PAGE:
You may also want to visit the Alzheimer’s Society website, where you can search for services and support groups in your local area: http://alzheimers.org.uk/site/scripts/documents.php?categoryID=200121 or alternatively you could call the Alzheimer’s Society National Dementia Helpline on 0300 222 1122

  4. Linda North

    You really don’t know what is in the future. My Mother had Dementia and we grew closer during her time she had left than we had ever been.

  5. DONNA

    im very intrested in your advert to do with dementia, I used to be a carer and wood love to be part of this

  6. Catherine Dawson

    I am interested in becoming a DementiaFriend and would like more information. my landline number is 01389873555.

    ThankYou.

  7. pat

    My husband was diagnosed with dementia 12 years ago I wish this help had been out there then well done keep up the good work.

  8. Marlene o brien

    I am marlene, my husband ray is in the early stages of Alzheimer’s , after a horrible 5yrs at the time I was being treated for breast cancer ,we are now coping but I find about a couple days a mth I feel like walking away the stress builds up and there is no one to talk to people see us as getting by I make sure we go on bus trips ,the train , the shops , but it’s all about ray I feel so alone he retired early as a headmaster of 21yrs I miss the strong person at my side I have to be …I can’t finish this I’m sorry…

    1. Dementia Friends Post author

      Hi Marlene,

      You may want to visit the Alzheimer’s Society’s online forum ‘Talking Point’ where you can ask for advice, share information, join in discussions and feel supported:http://www.alzheimers.org.uk/site/scripts/documents.php?categoryID=200125

      Or you could also call the Alzheimer’s Society National Dementia Helpline on 0300 222 1122 who can provide information, support, guidance and signposting to other appropriate organisations.

  9. Barbara

    My brothers wife has been diagnosed with dementia and he is very lonely as he finds it difficult to come to terms with all that has happened around him,it’s very difficult to understand this illness.

    1. Dementia Friends Post author

      Hi Barbara,

      Thank you for you comment. You and your brother may find it helpful to visit the Alzheimer’s Society’s online forum ‘Talking Point’ where you can ask for advice, share information, join in discussions and feel supported:http://www.alzheimers.org.uk/site/scripts/documents.php?categoryID=200125

      Or you could also call the Alzheimer’s Society National Dementia Helpline on 0300 222 1122 who can provide information, support, guidance and signposting to other appropriate organisations.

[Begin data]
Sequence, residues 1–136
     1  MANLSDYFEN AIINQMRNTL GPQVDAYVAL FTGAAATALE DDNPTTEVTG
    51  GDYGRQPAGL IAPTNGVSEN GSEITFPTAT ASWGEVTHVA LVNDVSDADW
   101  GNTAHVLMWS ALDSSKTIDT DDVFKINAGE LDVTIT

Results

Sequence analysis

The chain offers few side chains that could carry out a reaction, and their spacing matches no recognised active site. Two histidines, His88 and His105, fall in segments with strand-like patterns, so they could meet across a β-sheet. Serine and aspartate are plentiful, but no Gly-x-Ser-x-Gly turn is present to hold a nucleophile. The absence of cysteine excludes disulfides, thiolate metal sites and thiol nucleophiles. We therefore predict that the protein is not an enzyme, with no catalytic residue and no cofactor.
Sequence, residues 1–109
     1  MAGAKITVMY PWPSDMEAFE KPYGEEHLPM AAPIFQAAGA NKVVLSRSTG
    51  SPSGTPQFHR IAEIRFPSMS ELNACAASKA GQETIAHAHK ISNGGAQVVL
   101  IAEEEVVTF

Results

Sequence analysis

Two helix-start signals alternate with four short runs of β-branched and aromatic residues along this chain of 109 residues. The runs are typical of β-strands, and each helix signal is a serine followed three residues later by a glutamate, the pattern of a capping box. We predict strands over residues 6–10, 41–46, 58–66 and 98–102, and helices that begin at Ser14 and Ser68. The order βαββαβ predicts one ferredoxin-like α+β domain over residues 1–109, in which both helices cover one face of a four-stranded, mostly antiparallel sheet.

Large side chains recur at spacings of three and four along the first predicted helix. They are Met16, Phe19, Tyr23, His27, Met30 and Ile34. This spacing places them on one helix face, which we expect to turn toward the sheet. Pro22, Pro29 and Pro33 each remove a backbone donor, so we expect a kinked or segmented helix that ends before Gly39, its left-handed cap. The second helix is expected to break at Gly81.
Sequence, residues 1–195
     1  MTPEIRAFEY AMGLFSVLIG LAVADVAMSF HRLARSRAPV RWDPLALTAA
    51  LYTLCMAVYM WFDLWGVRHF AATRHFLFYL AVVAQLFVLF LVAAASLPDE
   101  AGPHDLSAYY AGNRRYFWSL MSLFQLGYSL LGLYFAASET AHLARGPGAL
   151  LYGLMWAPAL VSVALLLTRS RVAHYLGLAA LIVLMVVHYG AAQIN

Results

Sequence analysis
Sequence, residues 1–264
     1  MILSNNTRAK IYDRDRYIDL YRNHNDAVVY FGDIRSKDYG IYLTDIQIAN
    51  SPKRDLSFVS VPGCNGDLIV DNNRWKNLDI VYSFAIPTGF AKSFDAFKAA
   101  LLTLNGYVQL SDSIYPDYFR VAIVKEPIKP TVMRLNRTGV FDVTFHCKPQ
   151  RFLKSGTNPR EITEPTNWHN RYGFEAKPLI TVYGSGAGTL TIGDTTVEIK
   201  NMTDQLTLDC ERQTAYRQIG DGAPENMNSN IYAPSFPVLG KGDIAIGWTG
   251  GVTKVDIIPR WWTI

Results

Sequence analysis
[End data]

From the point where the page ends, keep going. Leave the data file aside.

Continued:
10. Emma

    Hi, i’m currently 19 years old and my dad is 62 and has fronto-temperal dementia he’s had it for about 3 years now. He stayed at home for about 1 year, and then moved to a residential care home for a year and is now in a nursing care home. I’ve come to realise more carers need further training in dementia, at 19 and completing my level 3 health and social care i’d be able to go into this sector and care for a dementia patient, how is this even right? Some individuals are there for a salary, at the end of the day they need to care for somebody who may not be able to tell them how they are feeling or what they want. For instance; today my dad had had nothing to eat because apparently he was asleep this morning for breakfast and this afternoon he ‘wouldn’t eat’. But with a little bit of patience I was able to get him to have a yogurt and En-sure drink. How can anybody leave a 6ft2 man with diabetes have nothing to eat all day? Things need to change, dementia is becoming more common with more challenging individuals!

    1. Dementia Friends Post author

      Hi Emma,

      Thanks for sharing your story.

      If you are interested in becoming a Dementia Friend or Dementia Champion in order to encourages others to make a positive difference to people living with dementia in their community, please do visit http://www.dementiafriends.org.uk

  11. Sarah Farquhar

    I have seen the adverts on the TV and came to the site hoping to find out a bit more about what dementia friends is, what is involved and how I might be able to help.
    Was a little disappointed not to be able to find out any of that sort of information, would love to know more

    1. Dementia Friends Post author

      Hi Sarah, you can find out more about Dementia Friends at our website: https://www.dementiafriends.org.uk/. You can watch a short video to become a Dementia Friend and then attend a face-to-face session and or attend Dementia Friends Champions training so that you can run Dementia Friends Information Sessions and spread awareness of dementia in your community.